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You’ll find living in New Zealand isn’t as expensive as some other destinations – but after airfares, school fees and accommodation costs, you’ll want to make the most of your spending money.
Here are some ideas that may help you in terms of minimising your spending.
The first thing you should organize when you get to New Zealand is a student discount card. Most outlets, including the cinemas, shops, and some eateries will provide discounts to students. The most well-known student card for international students is the ISIC Card – ISIC stands for International Student Identity Card. Check if your school can help you apply for one of these cards.
You may need to visit a local ISIC issuer. Before you go there, make sure you have:
You can also download the free ISIC Benefits app to search for benefits and discounts worldwide from your phone (both Apple and android).
Studying English in New Zealand will give you the opportunity to make -new friends - from your own country and from many other countries. One of the most popular ways to get to know each other and to practise your conversation skills is to enjoy eating out together.
There are a lot of ‘cheap and cheerful’ places to eat in New Zealand where you can share food. Do some research on the internet to make sure you’re getting good value for money and explore the many types of eateries available to you and your friends.
One thing to consider is that lunch is not usually included in your homestay costs. Talk to your host family to get advice on how you can make savings on buying your lunch each day. You might want to buy some things that you can take for lunch and many schools have a student common room/cafeteria where you can heat up noodles etc.
International students usually stay in a homestay when they first arrive in New Zealand. This makes settling in to your new environment easy –and you will stay with a family who can help support you and your learning. You don’t have to worry about all the things that you would have to when you go flatting. Another added benefit of a homestay is that homestay families can be valuable in providing frequent conversational English practice.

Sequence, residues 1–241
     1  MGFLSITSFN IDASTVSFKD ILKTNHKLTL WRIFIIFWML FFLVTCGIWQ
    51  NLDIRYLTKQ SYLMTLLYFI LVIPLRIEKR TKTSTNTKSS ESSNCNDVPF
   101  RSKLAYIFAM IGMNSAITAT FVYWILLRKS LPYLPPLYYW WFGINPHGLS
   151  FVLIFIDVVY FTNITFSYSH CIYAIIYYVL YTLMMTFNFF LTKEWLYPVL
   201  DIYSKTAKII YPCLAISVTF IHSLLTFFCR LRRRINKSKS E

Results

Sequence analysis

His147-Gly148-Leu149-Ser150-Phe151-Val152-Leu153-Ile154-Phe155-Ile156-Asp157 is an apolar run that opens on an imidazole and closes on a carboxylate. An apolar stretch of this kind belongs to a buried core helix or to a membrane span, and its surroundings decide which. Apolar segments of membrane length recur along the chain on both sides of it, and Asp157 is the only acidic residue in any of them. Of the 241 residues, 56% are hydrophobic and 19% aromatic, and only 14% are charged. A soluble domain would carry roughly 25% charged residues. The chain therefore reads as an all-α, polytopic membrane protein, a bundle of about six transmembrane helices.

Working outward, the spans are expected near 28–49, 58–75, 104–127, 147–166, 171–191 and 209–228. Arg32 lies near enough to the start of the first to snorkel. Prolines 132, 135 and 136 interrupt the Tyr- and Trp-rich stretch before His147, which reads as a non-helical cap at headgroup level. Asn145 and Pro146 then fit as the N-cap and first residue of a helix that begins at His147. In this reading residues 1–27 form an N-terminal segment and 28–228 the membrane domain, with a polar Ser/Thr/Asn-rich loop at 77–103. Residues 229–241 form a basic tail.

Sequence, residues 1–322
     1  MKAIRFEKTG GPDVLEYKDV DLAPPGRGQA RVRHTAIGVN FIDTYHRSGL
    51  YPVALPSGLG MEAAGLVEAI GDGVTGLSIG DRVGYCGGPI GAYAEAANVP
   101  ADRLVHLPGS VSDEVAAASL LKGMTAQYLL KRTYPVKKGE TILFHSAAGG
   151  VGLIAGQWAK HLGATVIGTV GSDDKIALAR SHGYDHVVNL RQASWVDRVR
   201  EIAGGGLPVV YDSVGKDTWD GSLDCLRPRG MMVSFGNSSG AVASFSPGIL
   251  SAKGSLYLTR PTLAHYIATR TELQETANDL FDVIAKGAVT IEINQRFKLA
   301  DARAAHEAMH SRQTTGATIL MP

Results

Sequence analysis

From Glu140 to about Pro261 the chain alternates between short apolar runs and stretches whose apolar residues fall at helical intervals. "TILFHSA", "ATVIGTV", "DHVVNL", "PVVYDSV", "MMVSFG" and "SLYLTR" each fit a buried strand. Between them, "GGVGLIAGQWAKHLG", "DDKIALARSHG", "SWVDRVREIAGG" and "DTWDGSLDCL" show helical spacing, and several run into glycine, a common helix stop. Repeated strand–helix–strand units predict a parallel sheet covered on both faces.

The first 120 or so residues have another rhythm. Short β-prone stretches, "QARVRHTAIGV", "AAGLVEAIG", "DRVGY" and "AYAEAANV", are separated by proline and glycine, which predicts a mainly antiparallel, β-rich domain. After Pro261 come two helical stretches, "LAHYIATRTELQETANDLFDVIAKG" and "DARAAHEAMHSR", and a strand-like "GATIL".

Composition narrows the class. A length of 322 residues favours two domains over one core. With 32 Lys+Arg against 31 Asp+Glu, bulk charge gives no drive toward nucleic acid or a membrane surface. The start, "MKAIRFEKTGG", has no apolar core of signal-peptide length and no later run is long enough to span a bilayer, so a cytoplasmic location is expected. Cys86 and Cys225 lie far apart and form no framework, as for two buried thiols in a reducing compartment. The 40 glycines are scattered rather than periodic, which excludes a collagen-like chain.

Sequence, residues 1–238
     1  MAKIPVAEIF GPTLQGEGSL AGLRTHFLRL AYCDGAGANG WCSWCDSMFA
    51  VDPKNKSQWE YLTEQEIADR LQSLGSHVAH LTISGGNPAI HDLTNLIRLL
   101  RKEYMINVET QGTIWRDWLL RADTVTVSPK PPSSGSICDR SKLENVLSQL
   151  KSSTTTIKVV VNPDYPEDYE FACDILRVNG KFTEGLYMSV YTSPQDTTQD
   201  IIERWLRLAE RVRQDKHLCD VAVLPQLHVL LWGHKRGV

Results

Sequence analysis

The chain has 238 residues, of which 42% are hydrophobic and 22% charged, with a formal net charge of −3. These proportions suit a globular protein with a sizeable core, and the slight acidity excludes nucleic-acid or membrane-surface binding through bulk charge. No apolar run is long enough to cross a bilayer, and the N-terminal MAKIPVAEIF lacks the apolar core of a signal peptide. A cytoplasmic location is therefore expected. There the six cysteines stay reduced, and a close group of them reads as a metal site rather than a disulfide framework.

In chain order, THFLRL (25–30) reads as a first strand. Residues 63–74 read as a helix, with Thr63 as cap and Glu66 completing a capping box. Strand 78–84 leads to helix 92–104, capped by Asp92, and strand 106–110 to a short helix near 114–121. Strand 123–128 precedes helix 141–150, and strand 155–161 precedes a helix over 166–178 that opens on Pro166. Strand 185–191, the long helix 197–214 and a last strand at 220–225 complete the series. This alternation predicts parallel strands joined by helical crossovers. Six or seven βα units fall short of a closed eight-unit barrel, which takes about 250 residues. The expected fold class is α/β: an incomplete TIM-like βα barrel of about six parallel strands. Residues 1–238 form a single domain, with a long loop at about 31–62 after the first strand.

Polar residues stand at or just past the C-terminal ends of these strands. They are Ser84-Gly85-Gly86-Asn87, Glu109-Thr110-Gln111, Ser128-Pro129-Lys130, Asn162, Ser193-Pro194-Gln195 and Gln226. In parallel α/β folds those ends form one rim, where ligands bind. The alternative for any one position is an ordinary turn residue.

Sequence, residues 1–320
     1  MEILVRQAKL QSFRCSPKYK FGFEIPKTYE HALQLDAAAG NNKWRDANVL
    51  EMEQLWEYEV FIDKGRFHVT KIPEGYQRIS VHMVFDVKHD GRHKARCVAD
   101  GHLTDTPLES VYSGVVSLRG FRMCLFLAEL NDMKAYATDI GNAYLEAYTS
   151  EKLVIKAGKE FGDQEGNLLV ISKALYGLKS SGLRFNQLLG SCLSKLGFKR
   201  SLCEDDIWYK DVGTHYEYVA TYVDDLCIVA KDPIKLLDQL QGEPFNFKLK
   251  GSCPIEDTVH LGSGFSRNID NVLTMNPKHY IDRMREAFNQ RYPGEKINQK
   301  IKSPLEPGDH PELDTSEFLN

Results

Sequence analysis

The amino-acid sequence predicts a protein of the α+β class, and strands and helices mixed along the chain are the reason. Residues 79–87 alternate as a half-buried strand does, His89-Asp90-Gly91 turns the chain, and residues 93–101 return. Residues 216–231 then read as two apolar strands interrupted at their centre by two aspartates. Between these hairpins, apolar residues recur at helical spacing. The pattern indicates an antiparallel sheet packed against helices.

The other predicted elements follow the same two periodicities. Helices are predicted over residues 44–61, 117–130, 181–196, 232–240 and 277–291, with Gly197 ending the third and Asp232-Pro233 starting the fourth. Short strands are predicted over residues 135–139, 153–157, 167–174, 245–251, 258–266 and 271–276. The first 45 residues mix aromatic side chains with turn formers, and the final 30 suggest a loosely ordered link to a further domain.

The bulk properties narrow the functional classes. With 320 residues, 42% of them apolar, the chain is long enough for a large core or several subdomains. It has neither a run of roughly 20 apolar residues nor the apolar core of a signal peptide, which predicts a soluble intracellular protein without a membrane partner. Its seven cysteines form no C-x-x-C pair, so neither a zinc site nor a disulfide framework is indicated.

Students who are studying long-term in New Zealand often move to shared accommodation with other international or New Zealand students. Many think that the cheapest accommodation you can find is the best accommodation - but that’s not necessarily right! You need to consider whether or not your accommodation/rental cost includes utility bills such as electricity, phone and internet usage, and food.
The types of transport that are available close to your door is also an important consideration. You might find that even though a certain accommodation is more expensive, what it actually includes makes it a better choice than if you have to pay for each item separately.
This is the first piece of advice that all financial managers would give you – live within your means and set a weekly cash amount that you are allowed to use for your expenses. This makes you more aware of your spending when you are physically handing over money. However, be sure not to carry large sums of cash with you – it’s best to get a cashflow card and withdraw just what you need to use.
Your school will provide more information about opening a bank account during your orientation.
The best question you can ask is “Do I really need it?” This is a good question not only for when you are an international student, but one you can use at any stage in your life – you’re also helping to save the planet by not buying more than you need!
The final hint for making the most of your time in New Zealand on a budget is to take advantage of what New Zealand has to offer. New Zealand has some great attractions to experience and some of them are very expensive. However, you can find a lot of free activities that you and your friends can enjoy.
New Zealand is renowned for its beautiful scenery, amazing beaches and walking tracks. Grab your friends and head to the beach for a refreshing swim, relax on the beach or throw on a pair of shoes and walk through some of the best natural scenery available.
You can also make the most of some of the local parks, fields, and courts that are open to the public. Grab a group of friends and challenge them to a game of football/soccer or basketball. It’s a great way to fill in time, keep fit and not spend any additional money.
Living in New Zealand doesn’t have to be an expensive experience. By maintaining a watchful eye over what you spend and actively accounting for every purchase, you can have a great New Zealand experience without spending all your money! Take these tips on board and you’ll be improving your English, without having to stretch your funds, in no time at all.
Do you have a tip to help save money or handy hint to keep to a budget? Share your ideas in a comment below.